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Strait Benefits From WJC Experience

by Joe Sager / Pittsburgh Penguins
Team USA hoped to leave the Czech Republic with a medal.

Instead, it returned from the 2008 International Ice Hockey Federation World Junior Championship in Pardubice and Liberec, Czech Republic, empty-handed.

The Americans entered the tournament hoping to improve upon their bronze-medal finish from a year ago. Team USA seemed poised to do just that as it cruised through the preliminary round with a 4-0 record.

However, the squad dropped a 4-1 decision to Canada, the eventual champion, in the semifinals. Russia posted a 4-2 win over Team USA in the bronze medal game.

“We had a really good tournament. I felt that we had a really good team. It shows in that we went 4-0 in the preliminary round,” said Penguins prospect Brian Strait, who was Team USA’s captain. “The money games are the semifinals and the bronze medal game and we kind of had a tough time. It really didn’t work out the way we wanted to, but that’s OK.”

Even though there were no medals hanging around their necks, Team USA’s players returned home with a wealth of experience that will help them in the future, as well as some unforgettable memories from the tournament.

“Just the speed that the game was played at over there – you’re playing against world-class players. These are some of the best players at their age group in the world,” Strait said. “A lot of them will end up playing in the NHL one day. So, I think the speed was a lot faster than college hockey. I think it was a step above college hockey and I think it’s really going to help me for the second half of the season.”

Strait, a 2006 third-round Penguins draft choice (65th overall), was in Team USA’s defensive corps for the tournament. He thought he fared well against some of his most-talented peers.

“I felt pretty good out there. I thought I played really well for what I was asked to do,” he said. “I knew coming into the tournament they were going to have me play 5-on-5 and penalty kill mainly and that’s what I did. I didn’t play any power play. I basically knew my role and I thought I did it to the best of my ability. I am pretty sure I played to my potential over there, but I think that everybody did.”

The oldest player on Team USA’s roster (he turned 20 the day the U.S. battled Canada), Strait was voted team captain by his teammates. But, that role was nothing new to him. He is a former captain of the U.S. National Under-18 Team. He helped lead Team USA to the gold medal at the 2006 IIHF World Under-18 Championship in April, 2006.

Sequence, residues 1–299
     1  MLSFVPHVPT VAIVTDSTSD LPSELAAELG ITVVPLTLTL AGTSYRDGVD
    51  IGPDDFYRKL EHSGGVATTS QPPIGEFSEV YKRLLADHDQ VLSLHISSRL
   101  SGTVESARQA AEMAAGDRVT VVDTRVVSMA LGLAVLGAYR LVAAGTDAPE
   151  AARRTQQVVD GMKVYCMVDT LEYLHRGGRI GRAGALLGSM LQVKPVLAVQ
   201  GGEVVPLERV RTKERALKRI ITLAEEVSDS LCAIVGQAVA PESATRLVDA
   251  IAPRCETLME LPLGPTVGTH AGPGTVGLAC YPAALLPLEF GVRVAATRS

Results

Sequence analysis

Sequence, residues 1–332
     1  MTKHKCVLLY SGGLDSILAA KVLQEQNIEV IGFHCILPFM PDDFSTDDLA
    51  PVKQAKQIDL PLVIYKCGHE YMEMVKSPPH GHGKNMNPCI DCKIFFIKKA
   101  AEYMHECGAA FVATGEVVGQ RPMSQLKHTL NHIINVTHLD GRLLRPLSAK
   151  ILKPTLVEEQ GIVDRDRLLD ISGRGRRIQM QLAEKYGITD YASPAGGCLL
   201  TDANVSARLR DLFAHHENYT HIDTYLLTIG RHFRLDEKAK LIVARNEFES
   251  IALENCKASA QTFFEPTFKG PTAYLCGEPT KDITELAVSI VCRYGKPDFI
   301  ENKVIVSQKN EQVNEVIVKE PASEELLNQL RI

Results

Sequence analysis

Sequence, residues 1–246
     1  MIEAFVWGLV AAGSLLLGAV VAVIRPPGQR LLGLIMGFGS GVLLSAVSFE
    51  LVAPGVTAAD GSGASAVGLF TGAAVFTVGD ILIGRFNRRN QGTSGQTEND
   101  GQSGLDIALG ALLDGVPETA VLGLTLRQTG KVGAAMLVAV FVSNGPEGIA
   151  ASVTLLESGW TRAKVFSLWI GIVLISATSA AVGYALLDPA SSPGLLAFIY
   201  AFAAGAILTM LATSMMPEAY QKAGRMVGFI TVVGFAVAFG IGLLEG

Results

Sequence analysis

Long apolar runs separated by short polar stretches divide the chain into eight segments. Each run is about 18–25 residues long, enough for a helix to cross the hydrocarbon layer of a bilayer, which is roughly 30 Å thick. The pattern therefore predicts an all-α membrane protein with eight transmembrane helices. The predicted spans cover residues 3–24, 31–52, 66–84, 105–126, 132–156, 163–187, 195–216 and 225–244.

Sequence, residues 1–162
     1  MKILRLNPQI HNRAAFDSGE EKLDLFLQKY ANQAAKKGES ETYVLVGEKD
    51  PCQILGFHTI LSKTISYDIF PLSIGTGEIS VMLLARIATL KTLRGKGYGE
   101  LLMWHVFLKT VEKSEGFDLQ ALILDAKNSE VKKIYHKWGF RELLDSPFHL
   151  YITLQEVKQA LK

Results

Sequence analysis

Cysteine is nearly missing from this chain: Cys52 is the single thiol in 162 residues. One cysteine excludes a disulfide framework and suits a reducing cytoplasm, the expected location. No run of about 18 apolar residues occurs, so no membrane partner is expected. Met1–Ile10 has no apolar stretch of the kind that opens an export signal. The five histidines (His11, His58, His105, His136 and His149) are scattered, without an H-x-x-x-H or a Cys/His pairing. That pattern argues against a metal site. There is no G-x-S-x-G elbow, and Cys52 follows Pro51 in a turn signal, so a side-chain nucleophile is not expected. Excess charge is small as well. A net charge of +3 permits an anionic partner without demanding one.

“Since I left the national program where I was the captain of the Under-18 team, a goal of mine was to make the World Junior team, obviously, but it was also to be the captain of the team,” he said. “I was hoping I’d have that opportunity because I really felt that I had grown into a pretty good leader and someone that people look up to in a leadership position. I felt that was something I really had to offer to the team. When they announced it, it was special because the players themselves picked the captains and I felt pretty honored that they picked me.”

Even though Team USA finished fourth, they showed the future of USA Hockey is bright. James vanRiemsdyk, the second-overall pick in the 2007 NHL Entry Draft, led all scorers in the tournament with 11 points (5+6) in six games. In addition, his linemates Jordan Schroeder (8 points) and Colin Wilson (7) emerged as top talents. And, with youngsters Patrick Kane (Chicago) and Erik Johnson (St. Louis) thriving in the NHL, Strait sees good things on the horizon for the program.

“Oh definitely. I think the USA has some of the best prospects in hockey these days,” he said. “Seeing guys like Erik Johnson and Pat Kane going back-to-back No. 1 overall and then Pat Kane and vanRiemsdyk going 1-2 this year, and you have those guys like Jordan Schroeder and Colin Wilson and I think there are only bright things ahead for USA Hockey. Guys like those are going to lead us to more World Championships and Olympic championships and whatnot.”

Now, Strait has his focus on helping Boston University overcome a slow start. The sophomore had eight assists in 20 games for the Terriers (7-11-4 overall, 6-6-3 Hockey East).

“We struggled in the first half. It’s not the best season we’ve had. But, I think in the second half of the season, you’re going to see a different Boston University team,” he said. “We really tried to refocus after the holiday break. Hopefully, we can get back on track because this is really when you have to make the push so we can get into the Hockey East playoffs and hopefully get into the NCAA tournament. You have to play your best hockey at the end of the year, so hopefully our best hockey is ahead of us.”

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